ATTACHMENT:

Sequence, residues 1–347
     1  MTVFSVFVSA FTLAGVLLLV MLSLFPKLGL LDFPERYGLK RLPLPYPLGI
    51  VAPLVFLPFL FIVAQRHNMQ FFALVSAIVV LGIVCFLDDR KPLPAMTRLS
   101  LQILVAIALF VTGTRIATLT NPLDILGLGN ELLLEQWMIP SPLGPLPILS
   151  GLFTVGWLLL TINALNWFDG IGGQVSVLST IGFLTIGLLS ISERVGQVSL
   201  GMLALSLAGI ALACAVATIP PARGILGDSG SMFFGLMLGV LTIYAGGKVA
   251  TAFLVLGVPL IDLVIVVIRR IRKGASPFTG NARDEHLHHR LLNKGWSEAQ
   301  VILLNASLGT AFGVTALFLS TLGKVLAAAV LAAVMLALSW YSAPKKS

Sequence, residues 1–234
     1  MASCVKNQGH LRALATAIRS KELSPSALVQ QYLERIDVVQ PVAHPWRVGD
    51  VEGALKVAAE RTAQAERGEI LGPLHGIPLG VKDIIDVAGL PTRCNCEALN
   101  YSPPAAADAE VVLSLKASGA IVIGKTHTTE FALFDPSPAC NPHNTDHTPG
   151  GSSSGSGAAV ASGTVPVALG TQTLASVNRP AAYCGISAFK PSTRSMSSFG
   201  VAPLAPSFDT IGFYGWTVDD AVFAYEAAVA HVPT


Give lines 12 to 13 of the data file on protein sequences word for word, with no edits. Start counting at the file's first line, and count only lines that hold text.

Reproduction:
   101  YSPPAAADAE VVLSLKASGA IVIGKTHTTE FALFDPSPAC NPHNTDHTPG
   151  GSSSGSGAAV ASGTVPVALG TQTLASVNRP AAYCGISAFK PSTRSMSSFG